academic-standards-for-the-other-content-areasNot The Common Core: 6 Sets Of Academic Standards For The “Other Content Areas”

by Maryalene LaPonsie

There has been plenty of discussion lately regarding the Common Core, a state-led initiative to create learning standards in Math and English-Language Arts for K-12 students. While the Common Core may be getting the most press, it is not the only standard system available today.

Teachers and parents alike should be aware learning standards exist for everything from physical education to arts to technology. While their use is not mandated in every state, standards can help guide curriculum decisions and ensure students graduate with a comprehensive set of skills and knowledge.

1. National Standards for Arts Education

Currently going through a revision process, the National Standards for Arts Education have been developed by the Consortium of National Arts Education Association with funding from the National Association for Music Education. The standards provide learning benchmarks in four arts fields.

  • Dance

  • Music

  • Theater

  • Visual arts

The revised standards are intended to not only give students experience in creating, performing and responding to the arts but also to provide more emphasis on how the arts play an integral role in the larger education process.

2. National Curriculum Standards for Social Studies

Originally published in 1994, the National Curriculum Standards for Social Studies got an update in 2010. The new standards, developed by the National Council for the Social Studies, use the same 10 themes as those published originally.

  • Culture

  • Time, continuity and change

  • People, places and environment

  • Individual development and identity

  • Individuals, groups and institutions

  • Power, authority and governance

  • Production, distribution and consumption

  • Science, technology and society

  • Global connections

  • Civic ideals and practices

While the same themes are used in both the 1994 and 2010 standards, the revised curriculum guide provides teachers with more information on what students should know within each theme as well as how they can demonstrate their knowledge.

3. Next Generation Science Standards

For science teachers, the Next Generation Science Standards are slated to replace the National Science Education Standards and the Benchmarks for Science Literacy in many states. The standards are still a work in progress with the National Research Council partnering with 26 states to fine tune learning expectations in four content areas.

  • Life sciences

  • Physical sciences

  • Earth and space sciences

  • Engineering and technology

Once complete, the standards will provide a framework for science studies in both elementary and secondary schools. For example, kindergartens might be expected to understand the concepts of push and pull while high school students may be using computer simulations to model solutions to real-world engineering problems.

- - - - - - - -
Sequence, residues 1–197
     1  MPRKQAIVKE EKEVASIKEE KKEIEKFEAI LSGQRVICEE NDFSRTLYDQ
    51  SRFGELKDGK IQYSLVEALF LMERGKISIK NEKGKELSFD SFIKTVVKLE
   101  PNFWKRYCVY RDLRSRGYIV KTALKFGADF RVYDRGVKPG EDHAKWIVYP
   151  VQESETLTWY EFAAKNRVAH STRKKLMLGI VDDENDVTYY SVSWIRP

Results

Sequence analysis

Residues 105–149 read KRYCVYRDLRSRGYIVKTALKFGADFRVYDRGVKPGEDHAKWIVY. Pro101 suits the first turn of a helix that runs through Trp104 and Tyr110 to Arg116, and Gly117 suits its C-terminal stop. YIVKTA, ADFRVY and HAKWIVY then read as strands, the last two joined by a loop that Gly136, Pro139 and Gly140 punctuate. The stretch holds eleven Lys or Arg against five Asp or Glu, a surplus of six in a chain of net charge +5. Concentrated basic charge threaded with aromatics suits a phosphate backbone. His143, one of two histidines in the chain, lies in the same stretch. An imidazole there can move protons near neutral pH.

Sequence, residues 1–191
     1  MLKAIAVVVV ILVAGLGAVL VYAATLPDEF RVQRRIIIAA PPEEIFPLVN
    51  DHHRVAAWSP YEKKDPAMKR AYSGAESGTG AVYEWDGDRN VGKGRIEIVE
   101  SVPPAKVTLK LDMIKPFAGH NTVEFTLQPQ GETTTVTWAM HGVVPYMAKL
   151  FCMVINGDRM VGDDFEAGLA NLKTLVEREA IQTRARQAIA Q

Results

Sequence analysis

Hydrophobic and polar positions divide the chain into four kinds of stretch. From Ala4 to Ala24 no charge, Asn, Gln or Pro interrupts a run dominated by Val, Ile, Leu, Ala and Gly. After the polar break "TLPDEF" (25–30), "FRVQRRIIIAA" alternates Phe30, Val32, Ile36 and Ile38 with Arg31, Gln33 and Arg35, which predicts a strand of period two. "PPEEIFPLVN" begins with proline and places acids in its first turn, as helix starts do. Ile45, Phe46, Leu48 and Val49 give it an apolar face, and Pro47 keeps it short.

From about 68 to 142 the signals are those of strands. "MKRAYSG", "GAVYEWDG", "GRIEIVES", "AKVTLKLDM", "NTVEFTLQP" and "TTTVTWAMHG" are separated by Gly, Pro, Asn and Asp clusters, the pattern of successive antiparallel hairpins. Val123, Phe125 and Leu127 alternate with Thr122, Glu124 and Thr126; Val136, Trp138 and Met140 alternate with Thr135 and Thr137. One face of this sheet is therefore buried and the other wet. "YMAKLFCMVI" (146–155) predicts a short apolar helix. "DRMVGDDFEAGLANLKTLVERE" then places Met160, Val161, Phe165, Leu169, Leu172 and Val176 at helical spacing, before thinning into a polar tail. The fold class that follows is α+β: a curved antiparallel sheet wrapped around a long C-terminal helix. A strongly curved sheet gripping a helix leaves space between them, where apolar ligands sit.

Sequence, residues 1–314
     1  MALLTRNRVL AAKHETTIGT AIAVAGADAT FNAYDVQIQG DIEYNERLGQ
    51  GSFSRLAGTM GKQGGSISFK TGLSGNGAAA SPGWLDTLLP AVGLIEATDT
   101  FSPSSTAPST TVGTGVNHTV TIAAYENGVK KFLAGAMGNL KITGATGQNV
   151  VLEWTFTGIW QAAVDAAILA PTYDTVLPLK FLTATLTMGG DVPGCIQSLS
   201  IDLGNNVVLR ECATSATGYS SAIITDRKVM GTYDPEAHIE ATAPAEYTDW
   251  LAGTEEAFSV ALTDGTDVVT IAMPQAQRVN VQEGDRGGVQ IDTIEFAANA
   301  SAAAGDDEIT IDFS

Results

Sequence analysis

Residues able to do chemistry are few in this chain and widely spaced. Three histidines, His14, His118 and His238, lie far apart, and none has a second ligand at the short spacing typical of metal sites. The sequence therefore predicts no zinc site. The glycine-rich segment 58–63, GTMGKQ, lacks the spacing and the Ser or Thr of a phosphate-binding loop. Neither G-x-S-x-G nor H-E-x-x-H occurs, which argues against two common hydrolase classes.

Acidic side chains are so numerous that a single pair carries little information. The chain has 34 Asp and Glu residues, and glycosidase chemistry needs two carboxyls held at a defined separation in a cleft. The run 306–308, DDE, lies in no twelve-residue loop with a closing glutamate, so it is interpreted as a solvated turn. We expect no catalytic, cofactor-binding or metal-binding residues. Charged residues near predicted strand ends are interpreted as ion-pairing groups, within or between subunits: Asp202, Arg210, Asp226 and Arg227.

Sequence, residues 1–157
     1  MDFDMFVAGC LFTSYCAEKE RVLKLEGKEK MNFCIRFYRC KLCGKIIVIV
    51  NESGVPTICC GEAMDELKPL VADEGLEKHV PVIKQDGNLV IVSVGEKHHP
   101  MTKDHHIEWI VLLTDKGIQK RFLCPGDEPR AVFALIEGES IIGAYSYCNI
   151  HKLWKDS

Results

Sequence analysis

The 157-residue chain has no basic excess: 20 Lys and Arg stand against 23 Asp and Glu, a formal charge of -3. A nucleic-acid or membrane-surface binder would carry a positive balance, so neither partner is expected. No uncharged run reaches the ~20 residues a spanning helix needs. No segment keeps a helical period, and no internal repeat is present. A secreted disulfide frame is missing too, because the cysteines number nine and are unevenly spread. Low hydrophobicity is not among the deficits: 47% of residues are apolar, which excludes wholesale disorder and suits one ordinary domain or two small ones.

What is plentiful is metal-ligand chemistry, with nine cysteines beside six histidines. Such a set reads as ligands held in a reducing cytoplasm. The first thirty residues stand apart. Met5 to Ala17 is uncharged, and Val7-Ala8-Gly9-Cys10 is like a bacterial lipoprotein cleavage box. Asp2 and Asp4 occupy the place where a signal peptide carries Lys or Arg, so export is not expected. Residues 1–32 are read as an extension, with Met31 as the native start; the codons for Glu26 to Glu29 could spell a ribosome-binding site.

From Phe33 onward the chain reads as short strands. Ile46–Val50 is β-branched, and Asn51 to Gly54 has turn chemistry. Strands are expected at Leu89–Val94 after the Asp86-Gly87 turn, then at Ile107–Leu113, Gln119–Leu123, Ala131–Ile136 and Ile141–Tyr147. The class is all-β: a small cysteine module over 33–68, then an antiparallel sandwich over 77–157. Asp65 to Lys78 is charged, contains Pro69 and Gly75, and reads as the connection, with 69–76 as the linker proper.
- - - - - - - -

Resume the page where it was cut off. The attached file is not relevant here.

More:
4. National Educational Technology Standards

Known as NETS, the National Educational Technology Standards are a product of the International Society for Technology in Education. While other standards apply only to students, ISTE has created NETS for teachers, administrators, coaches and computer science teachers. For educators, the standards address the skills and knowledge needed to be effective in the classroom and other educational settings.

For students, the NETS focus on acquiring skills in six categories.

  • Creativity and innovation

  • Communication and collaboration

  • Research and information fluency

  • Critical thinking, problem solving and decision making

  • Digital citizenship

  • Technology operations and concepts

5. National Standards for Financial Literacy

The Council for Economic Education has created National Standards for Financial Literacy for students in the K-12 grades. Providing lessons intended for real-world application once a student graduates, the standards focus on six areas of knowledge and understanding.

  • Earning income

  • Buying goods and services

  • Using credit

  • Saving

  • Financial investing

  • Protecting and insuring

In addition to writing standards, the Council for Economic Education provides benchmarks for teachers to use in the 4th, 8th and 12th grades to ensure students are on track to becoming financially literate.

6. National Standards for K-12 Physical Education

Finally, the National Association for Sport and Physical Education has compiled five standards it deems necessary for students to meet in order to be considered physically literate. The following are its recommended standards for K-12 students.

  • Demonstrate competency in a variety of motor skills and movement patterns

  • Apply knowledge of concepts, principles, strategies and tactics related to movement and performance

  • Demonstrate knowledge and skills to achieve and maintain a health-enhancing level of physical activity and fitness

  • Exhibit responsible personal and social behavior that respects self and others

  • Recognize the value of physical activity for health, enjoyment, challenge, self-expression and/or social interaction

While the NASPE standards are voluntary, some states have adopted their own standards for schools operating in their communities.

Maryalene LaPonsie writes about education, technology and careers for several websites, including